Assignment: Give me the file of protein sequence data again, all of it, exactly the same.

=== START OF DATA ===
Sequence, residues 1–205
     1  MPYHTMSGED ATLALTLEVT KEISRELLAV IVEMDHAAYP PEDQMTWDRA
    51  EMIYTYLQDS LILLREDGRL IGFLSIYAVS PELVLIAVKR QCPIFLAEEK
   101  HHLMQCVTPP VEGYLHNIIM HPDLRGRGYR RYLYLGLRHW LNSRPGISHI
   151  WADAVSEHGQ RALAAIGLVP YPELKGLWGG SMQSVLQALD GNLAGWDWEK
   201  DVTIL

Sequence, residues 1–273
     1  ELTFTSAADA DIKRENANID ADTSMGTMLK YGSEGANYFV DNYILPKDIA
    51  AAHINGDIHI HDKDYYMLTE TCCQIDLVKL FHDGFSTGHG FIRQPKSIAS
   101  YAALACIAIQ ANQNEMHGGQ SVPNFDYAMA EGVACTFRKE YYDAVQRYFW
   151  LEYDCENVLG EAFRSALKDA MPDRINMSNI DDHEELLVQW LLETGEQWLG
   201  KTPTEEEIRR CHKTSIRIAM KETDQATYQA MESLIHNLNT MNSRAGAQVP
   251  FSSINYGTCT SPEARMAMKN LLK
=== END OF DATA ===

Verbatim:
Sequence, residues 1–205
     1  MPYHTMSGED ATLALTLEVT KEISRELLAV IVEMDHAAYP PEDQMTWDRA
    51  EMIYTYLQDS LILLREDGRL IGFLSIYAVS PELVLIAVKR QCPIFLAEEK
   101  HHLMQCVTPP VEGYLHNIIM HPDLRGRGYR RYLYLGLRHW LNSRPGISHI
   151  WADAVSEHGQ RALAAIGLVP YPELKGLWGG SMQSVLQALD GNLAGWDWEK
   201  DVTIL

Sequence, residues 1–273
     1  ELTFTSAADA DIKRENANID ADTSMGTMLK YGSEGANYFV DNYILPKDIA
    51  AAHINGDIHI HDKDYYMLTE TCCQIDLVKL FHDGFSTGHG FIRQPKSIAS
   101  YAALACIAIQ ANQNEMHGGQ SVPNFDYAMA EGVACTFRKE YYDAVQRYFW
   151  LEYDCENVLG EAFRSALKDA MPDRINMSNI DDHEELLVQW LLETGEQWLG
   201  KTPTEEEIRR CHKTSIRIAM KETDQATYQA MESLIHNLNT MNSRAGAQVP
   251  FSSINYGTCT SPEARMAMKN LLK